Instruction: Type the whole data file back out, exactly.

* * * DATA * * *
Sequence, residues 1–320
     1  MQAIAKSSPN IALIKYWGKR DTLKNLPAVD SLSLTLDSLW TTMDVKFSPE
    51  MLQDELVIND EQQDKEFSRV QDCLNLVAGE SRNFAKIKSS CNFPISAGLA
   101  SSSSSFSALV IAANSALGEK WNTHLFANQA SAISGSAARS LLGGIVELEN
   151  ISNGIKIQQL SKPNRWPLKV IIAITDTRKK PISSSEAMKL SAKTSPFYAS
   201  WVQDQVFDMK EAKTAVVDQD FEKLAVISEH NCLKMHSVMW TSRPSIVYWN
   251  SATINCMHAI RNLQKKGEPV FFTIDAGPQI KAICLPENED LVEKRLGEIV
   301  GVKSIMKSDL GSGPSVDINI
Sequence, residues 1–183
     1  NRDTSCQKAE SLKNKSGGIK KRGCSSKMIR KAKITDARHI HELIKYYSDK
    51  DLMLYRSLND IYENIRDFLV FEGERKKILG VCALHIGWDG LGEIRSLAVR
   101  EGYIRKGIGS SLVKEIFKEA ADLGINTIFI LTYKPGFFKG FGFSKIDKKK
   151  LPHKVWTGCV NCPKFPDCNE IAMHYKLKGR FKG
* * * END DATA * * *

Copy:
Sequence, residues 1–320
     1  MQAIAKSSPN IALIKYWGKR DTLKNLPAVD SLSLTLDSLW TTMDVKFSPE
    51  MLQDELVIND EQQDKEFSRV QDCLNLVAGE SRNFAKIKSS CNFPISAGLA
   101  SSSSSFSALV IAANSALGEK WNTHLFANQA SAISGSAARS LLGGIVELEN
   151  ISNGIKIQQL SKPNRWPLKV IIAITDTRKK PISSSEAMKL SAKTSPFYAS
   201  WVQDQVFDMK EAKTAVVDQD FEKLAVISEH NCLKMHSVMW TSRPSIVYWN
   251  SATINCMHAI RNLQKKGEPV FFTIDAGPQI KAICLPENED LVEKRLGEIV
   301  GVKSIMKSDL GSGPSVDINI
Sequence, residues 1–183
     1  NRDTSCQKAE SLKNKSGGIK KRGCSSKMIR KAKITDARHI HELIKYYSDK
    51  DLMLYRSLND IYENIRDFLV FEGERKKILG VCALHIGWDG LGEIRSLAVR
   101  EGYIRKGIGS SLVKEIFKEA ADLGINTIFI LTYKPGFFKG FGFSKIDKKK
   151  LPHKVWTGCV NCPKFPDCNE IAMHYKLKGR FKG